Table 3 Characteristics of internal consistency sample of child participants & their caregivers (n = 145)


The INTERGROWTH-21st project neurodevelopment assessment (INTER-NDA)

The INTER-NDA is a comprehensive, rapid assessment of cognition, (fine and gross) motor skills, language and (positive and negative) behavior for children aged 22–30 months (Additional file 1) [14]. Its 37 items are administered using a combination of psychometric techniques (direct administration, concurrent observation and caregiver reports) in approximately 15 min. Children’s performance on the INTER-NDA is scored across a spectrum of abilities, rather than on a predefined checklist and, therefore, affords a wider description of a child’s faculties. It has been reported to have strong agreement with the Bayley Scales of Infant and Toddler Development III edition, (BSID-III) (interclass correlation coefficients 0·75–0·88, p < 0·001 for all domains with little to no bias on Bland Altman analysis); satisfactory internal consistency (Cronbach’s alpha 0.56–0.81) and good unidimensionality across subscales (Comparative Fit Index = 0.90; Tucker-Lewis Index = 0.94) and good levels of inter-rater (k = 0·70; 95% CI 0·47 to 0·88) and test–retest reliability (k = 0·79; 95% CI 0·48 to 0·96) [13, 24].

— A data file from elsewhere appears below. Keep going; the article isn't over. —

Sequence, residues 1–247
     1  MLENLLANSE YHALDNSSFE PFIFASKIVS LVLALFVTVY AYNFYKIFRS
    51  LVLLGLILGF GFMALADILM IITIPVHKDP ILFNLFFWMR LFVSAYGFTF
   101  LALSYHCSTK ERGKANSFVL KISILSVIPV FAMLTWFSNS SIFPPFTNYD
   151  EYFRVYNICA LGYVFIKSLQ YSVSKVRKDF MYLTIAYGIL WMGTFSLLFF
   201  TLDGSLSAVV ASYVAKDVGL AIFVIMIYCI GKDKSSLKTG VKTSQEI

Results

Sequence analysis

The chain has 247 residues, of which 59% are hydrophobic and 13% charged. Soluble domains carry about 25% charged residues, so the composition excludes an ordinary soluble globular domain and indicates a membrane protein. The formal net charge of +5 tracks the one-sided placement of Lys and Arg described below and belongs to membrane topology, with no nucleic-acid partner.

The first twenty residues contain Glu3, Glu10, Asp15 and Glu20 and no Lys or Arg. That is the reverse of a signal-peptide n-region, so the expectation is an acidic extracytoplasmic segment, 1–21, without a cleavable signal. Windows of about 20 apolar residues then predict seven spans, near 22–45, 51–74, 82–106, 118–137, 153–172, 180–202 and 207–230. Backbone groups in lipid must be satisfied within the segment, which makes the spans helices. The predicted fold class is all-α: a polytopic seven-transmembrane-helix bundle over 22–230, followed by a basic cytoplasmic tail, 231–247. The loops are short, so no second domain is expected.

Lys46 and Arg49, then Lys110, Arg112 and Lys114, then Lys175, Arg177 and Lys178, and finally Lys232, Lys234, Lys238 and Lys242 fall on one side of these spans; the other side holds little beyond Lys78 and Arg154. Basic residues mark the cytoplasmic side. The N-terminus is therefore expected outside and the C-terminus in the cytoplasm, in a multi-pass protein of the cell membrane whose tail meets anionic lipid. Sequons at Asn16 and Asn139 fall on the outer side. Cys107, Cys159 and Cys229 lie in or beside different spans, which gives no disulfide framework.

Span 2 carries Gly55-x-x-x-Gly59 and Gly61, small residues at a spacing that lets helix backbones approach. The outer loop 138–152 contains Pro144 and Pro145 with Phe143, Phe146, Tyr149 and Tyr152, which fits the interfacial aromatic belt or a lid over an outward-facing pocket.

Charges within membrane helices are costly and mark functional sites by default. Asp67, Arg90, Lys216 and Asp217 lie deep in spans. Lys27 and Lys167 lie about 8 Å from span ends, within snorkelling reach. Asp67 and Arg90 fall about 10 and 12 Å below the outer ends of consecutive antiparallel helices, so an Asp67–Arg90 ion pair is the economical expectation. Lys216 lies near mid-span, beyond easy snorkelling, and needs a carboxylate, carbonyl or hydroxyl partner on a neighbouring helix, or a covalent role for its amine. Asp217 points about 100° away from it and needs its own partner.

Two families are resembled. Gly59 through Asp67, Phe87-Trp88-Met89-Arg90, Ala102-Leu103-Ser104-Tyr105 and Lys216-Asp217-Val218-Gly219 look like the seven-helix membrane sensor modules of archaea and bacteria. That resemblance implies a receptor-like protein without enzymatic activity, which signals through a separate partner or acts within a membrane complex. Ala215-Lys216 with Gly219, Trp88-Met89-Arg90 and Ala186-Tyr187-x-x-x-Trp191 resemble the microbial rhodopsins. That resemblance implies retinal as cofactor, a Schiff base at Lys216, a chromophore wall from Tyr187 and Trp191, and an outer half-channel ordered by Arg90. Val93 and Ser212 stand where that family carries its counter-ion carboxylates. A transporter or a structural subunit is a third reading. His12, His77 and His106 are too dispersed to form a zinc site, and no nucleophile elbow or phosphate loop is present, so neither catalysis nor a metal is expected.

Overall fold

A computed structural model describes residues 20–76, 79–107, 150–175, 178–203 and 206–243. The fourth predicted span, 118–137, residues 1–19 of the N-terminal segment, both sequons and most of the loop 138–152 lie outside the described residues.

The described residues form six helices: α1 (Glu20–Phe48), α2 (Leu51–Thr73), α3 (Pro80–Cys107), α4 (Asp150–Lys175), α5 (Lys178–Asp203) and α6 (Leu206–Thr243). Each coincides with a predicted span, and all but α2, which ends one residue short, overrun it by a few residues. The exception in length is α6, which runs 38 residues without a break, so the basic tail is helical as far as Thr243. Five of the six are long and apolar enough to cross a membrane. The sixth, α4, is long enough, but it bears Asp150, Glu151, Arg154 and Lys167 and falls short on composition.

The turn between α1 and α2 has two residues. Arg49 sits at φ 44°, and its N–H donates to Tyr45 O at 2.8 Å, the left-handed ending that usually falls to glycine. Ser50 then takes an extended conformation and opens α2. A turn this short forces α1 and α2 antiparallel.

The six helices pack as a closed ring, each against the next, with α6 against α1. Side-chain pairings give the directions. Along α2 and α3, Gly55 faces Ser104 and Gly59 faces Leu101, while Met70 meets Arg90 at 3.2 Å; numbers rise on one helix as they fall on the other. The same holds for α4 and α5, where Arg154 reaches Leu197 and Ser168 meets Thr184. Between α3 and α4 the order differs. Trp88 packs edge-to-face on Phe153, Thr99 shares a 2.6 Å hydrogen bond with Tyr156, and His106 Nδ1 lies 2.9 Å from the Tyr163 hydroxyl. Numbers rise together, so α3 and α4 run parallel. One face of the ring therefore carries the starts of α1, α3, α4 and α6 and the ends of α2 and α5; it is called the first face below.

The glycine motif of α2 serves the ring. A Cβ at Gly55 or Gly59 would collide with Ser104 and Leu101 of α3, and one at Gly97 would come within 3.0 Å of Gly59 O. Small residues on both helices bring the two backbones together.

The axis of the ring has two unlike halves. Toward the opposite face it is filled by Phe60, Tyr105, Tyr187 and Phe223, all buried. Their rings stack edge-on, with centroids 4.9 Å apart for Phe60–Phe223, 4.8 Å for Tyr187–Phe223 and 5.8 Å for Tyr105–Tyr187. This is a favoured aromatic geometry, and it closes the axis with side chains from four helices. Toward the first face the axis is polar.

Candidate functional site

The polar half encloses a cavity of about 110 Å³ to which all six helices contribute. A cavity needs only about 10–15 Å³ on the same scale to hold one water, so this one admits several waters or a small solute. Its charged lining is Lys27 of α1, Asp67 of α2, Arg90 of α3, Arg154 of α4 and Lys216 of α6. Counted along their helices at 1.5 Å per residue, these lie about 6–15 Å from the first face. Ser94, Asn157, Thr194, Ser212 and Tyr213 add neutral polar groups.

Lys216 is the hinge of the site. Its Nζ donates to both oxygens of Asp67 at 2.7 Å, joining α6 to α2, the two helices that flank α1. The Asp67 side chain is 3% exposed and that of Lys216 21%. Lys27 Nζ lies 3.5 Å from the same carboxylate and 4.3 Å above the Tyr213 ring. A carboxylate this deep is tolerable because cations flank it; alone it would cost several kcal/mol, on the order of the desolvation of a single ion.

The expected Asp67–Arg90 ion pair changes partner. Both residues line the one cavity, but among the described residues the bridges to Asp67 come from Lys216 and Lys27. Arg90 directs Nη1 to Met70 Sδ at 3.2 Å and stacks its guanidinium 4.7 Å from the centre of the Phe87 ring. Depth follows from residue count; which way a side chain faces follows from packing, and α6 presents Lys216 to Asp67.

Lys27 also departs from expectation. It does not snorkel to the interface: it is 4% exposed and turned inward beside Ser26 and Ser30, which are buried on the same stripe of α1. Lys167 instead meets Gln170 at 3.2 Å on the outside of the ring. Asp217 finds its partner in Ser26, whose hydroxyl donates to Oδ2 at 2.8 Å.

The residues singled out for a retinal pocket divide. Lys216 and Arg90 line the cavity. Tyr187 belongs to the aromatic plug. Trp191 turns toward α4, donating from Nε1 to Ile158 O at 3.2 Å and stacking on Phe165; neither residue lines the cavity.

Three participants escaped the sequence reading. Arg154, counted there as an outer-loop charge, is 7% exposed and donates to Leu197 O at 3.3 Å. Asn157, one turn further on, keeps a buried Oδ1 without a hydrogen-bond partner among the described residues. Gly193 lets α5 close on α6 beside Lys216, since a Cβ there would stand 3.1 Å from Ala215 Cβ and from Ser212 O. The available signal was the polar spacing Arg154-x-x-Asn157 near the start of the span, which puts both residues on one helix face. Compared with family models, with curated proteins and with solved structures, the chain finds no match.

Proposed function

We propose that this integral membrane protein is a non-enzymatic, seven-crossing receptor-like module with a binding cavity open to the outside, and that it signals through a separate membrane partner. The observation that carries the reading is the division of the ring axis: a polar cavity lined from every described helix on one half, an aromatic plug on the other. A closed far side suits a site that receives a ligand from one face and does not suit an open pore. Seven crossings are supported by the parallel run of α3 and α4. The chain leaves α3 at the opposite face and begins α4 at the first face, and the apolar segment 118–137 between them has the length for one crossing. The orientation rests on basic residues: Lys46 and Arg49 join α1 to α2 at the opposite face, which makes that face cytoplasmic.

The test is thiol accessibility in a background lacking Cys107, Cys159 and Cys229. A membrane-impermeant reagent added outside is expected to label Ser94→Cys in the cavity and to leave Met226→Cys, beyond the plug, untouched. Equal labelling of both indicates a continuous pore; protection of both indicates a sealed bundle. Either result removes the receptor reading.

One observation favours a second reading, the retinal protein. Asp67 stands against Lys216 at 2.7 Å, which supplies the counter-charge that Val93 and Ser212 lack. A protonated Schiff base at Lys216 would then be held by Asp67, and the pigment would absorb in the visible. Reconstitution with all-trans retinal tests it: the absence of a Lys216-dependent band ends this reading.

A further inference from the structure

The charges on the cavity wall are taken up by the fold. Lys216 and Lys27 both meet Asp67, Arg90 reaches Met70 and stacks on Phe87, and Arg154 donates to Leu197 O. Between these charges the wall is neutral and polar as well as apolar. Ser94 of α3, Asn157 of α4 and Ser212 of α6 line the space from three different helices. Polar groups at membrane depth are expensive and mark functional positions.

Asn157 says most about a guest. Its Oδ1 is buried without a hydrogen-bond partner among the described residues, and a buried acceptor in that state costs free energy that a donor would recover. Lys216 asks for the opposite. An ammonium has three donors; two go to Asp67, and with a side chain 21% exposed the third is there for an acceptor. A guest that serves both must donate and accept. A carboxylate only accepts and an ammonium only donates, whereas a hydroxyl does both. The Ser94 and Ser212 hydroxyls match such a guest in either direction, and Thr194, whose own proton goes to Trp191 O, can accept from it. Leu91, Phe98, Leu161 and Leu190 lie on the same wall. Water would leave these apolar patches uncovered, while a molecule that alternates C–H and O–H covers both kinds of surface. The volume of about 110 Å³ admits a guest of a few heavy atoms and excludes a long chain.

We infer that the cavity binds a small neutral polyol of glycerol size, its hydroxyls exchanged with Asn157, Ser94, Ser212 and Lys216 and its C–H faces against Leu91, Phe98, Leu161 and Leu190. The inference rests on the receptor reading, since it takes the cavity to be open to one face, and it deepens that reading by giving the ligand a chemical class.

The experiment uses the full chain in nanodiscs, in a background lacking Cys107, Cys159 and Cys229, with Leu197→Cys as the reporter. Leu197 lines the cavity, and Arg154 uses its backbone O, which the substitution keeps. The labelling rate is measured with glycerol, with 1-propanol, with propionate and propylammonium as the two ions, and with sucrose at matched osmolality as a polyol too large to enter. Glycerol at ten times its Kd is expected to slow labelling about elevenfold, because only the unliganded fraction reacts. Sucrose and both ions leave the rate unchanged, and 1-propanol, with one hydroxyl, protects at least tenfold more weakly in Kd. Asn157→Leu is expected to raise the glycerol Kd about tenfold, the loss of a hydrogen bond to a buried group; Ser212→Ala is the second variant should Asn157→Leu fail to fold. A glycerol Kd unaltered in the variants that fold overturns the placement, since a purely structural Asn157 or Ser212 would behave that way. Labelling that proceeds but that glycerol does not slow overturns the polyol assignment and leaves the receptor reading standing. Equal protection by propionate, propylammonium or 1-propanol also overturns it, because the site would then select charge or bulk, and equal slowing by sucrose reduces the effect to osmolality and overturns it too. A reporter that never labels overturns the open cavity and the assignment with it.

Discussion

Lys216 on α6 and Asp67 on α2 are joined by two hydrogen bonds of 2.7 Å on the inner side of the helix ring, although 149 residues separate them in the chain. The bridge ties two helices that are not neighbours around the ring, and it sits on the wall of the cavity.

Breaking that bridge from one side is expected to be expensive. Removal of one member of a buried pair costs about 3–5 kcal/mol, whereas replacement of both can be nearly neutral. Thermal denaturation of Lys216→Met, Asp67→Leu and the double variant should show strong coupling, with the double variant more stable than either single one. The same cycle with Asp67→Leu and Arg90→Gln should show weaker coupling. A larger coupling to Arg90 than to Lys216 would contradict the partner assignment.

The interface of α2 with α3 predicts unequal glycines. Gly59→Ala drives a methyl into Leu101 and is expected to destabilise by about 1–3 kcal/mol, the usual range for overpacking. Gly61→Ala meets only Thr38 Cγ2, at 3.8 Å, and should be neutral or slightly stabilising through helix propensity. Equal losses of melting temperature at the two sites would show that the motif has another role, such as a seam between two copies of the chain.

The INTER-NDA is designed for use across socioeconomic groups and populations. Its operation manual, standardization protocol and forms are freely available at The kit consists of common household items encountered across the world. The INTER-NDA was developed in 2014 by the International Fetal and Newborn Growth Consortium for the twenty-first Century (INTERGROWTH-21st) Project, a population-based, longitudinal study in five countries, including Brazil, India, Italy, Kenya, and the United Kingdom [35]. In all INTERGROWTH-21st Project study sites, the INTER-NDA was translated into the local languages of the sites using the WHO Mental Health Initiative translation guidelines, which included processes of cultural customization, translation and back translation [14]. The INTER-NDA’s norms are international standards (rather than population-specific references that are adapted for use in the Caribbean) for child development at 2 years of age, constructed from the INTERGROWTH-21st Project population using, the WHO’s prescriptive methodology. Scaled INTER-NDA domain scores are interpreted against the INTER-NDA’s standards to ascertain a child’s risk of no (>10th centile), mild-to-moderate (3rd to 10th centile) or severe (<3rd centile) neurodevelopmental delay for each of the domains [14].

Training of child development assessors